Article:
Matthew Shipp/William Parker/Guillermo E. Brown
The Trio Plays Ware
Saxophonist David S. Ware's relevance as a composer is highlighted on this outing performed by his longstanding supporting trio. Pianist Matthew Shipp's climactic chord clusters sometimes mimic Ware's strenuous phrasings and complex means of building a melody. Anyone familiar with Ware's recordings should be aware of the freer aspects enveloping his musical totality. But generally somewhere amid the often hyper-mode group interplay are tuneful themes embedded amid his methodology. To that end, this release presents a very effective, yet contrasting twist to the saxophone's artistry.
DJ Spooky that Subliminal Kid
Celestial Mechanix: The Blue Series Master Mix
Thirsty Ear Records
DJ Spooky has undeniably emerged as one of the more imaginative artists of the new millennium. He crosses genres such as hip-hop, ambient electronica, jazz, funk and more. However, the DJ's muse is also founded upon wit and social commentary, witnessed here on this most compelling two-CD extravaganza. The artist produced, mixed, and arranged this outing, featuring remixes of pieces performed by fellow Blue Series artists Matthew Shipp and violinist Mat Maneri. Spooky's latest projects a tone and vibe that might suggest a history of contemporary music that has become dissimulated and reengineered from scratch.
The Richard Leo Johnson Trio
Poetry Of Appliance
Guitarist Richard Leo Johnson is primarily self-taught. However, there wouldn't be a hint of that here on this superlative effort. Along with keyboardist Andrew Ripley and electric/acoustic violinist Ricardo Ochoa, the guitarist fuses a starkly organic foundation with ringing electronic overtones. Johnson's unique tuning practices on his various acoustic guitars offer a point of interest, besides his starkly recognizable technical faculties. With this release, Johnson and his trio intermingles lush melodies with sprightly choruses. Yet there's a prevailing sense of movement and excitement that envelops this gorgeously recorded production. The band soars into the red zone on occasion. And it's partly rooted within an underlying sense of structure, augmented by the artists' bustling dialogues. Dynamics abound, even within pieces that are built upon quaint melodies. Count this among the top ten productions for 2004, regardless of any rigidly defined musical classifications.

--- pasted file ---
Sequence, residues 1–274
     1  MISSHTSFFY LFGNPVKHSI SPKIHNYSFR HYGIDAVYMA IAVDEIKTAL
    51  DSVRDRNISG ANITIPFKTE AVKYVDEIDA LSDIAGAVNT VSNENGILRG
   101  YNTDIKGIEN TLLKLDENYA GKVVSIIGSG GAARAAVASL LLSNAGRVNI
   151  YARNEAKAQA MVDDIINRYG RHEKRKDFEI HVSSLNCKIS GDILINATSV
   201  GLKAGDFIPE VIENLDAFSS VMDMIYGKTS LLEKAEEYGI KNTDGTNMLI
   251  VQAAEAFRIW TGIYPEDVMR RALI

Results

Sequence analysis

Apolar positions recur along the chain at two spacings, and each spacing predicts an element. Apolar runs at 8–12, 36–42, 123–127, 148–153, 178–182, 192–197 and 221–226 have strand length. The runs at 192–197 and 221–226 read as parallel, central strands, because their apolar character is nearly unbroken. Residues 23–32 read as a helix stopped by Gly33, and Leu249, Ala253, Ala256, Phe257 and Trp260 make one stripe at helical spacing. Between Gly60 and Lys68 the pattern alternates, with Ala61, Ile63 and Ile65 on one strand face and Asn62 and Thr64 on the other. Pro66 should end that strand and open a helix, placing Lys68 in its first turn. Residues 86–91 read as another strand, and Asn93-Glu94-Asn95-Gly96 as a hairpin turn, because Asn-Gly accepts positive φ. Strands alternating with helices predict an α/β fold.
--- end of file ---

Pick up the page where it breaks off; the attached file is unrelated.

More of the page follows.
British finger-style guitar master Adrian Legg's latest effort includes strings accompaniment and solo spots. Legg's curvy, intersecting lines and gorgeously constructed melodies shine forth like narratives, or perhaps picturesque little tone poems. Other than a few tear-jerker themes, Legg's craft includes English folk and slices of Americana. Listening to this recording is akin to being absorbed by a stirring, cinematic documentary.
Kent Carter String Trio
The Willisau Suites
Highly regarded bassist Kent Carter's resume includes stints with some of the finest modern jazz improvisers known to mankind, including the late Steve Lacy. These 1984 studio tracks were originally issued in 1988 for the ITM record label. This reissue includes two previously unreleased tracks culled from a 1997 session. The trio includes violinist Carlos Zingaro, violist Emmanuelle Roch and others, performing on various pieces. Essentially, the music boasts variable flows and asymmetrical instances of chamber-style interplay shaded with improvisational movements. It's difficult to categorize, though. You'll hear harrowing musical vistas, fragmented waltz grooves, stately themes, and festive galas. Marked by classical overtones and semi-structured elements, Carter and associates present an all-embracing musical portraiture here.
Testimony Live (Double Live DVD)
Here's your chance to see multi-instrumentalist Neal Morse's superb Testimony two-CD set performed live along with his octet. Conceptualized upon his personal relationship with a higher being, Morse interleaves exultant choruses with hard-driving progressive-rock stylizations. Featuring "Dream Theater" drumming hero Mike Portnoy and a cast of multitasking artists, the band exudes a vivacious demeanor during the sum of these thoughtfully designed parts. Morse's religious convictions are parlayed through these crafty compositions. He plays to the crowd in an endearing manner. Yet his intense musical aura equates to thrills a minute, enhanced by fiery percussion interludes, scorching guitar and electric cello lines, among other niceties. In addition, the band's impetus is captured rather effectively by the camera crew, who maintain various angles and overhead-based footage.
The Cavalcade of Music Foundation Presents